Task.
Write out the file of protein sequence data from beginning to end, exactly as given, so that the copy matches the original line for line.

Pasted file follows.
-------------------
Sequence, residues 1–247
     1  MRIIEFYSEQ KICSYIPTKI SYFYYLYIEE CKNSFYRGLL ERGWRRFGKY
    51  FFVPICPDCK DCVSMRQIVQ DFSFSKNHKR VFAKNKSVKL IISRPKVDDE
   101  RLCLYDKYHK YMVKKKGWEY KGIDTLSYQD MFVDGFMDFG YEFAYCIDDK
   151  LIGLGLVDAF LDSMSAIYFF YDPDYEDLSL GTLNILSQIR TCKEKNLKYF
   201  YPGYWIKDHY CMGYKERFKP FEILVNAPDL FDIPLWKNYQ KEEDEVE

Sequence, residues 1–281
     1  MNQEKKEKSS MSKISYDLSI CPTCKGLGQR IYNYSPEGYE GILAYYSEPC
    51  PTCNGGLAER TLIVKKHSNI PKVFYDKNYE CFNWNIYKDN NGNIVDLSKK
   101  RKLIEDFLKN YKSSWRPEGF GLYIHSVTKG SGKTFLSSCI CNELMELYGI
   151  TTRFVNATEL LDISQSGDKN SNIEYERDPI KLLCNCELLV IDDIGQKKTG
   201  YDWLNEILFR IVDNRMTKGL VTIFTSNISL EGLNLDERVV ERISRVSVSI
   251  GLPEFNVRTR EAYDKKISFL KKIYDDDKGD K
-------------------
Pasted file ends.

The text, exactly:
Sequence, residues 1–247
     1  MRIIEFYSEQ KICSYIPTKI SYFYYLYIEE CKNSFYRGLL ERGWRRFGKY
    51  FFVPICPDCK DCVSMRQIVQ DFSFSKNHKR VFAKNKSVKL IISRPKVDDE
   101  RLCLYDKYHK YMVKKKGWEY KGIDTLSYQD MFVDGFMDFG YEFAYCIDDK
   151  LIGLGLVDAF LDSMSAIYFF YDPDYEDLSL GTLNILSQIR TCKEKNLKYF
   201  YPGYWIKDHY CMGYKERFKP FEILVNAPDL FDIPLWKNYQ KEEDEVE

Sequence, residues 1–281
     1  MNQEKKEKSS MSKISYDLSI CPTCKGLGQR IYNYSPEGYE GILAYYSEPC
    51  PTCNGGLAER TLIVKKHSNI PKVFYDKNYE CFNWNIYKDN NGNIVDLSKK
   101  RKLIEDFLKN YKSSWRPEGF GLYIHSVTKG SGKTFLSSCI CNELMELYGI
   151  TTRFVNATEL LDISQSGDKN SNIEYERDPI KLLCNCELLV IDDIGQKKTG
   201  YDWLNEILFR IVDNRMTKGL VTIFTSNISL EGLNLDERVV ERISRVSVSI
   251  GLPEFNVRTR EAYDKKISFL KKIYDDDKGD K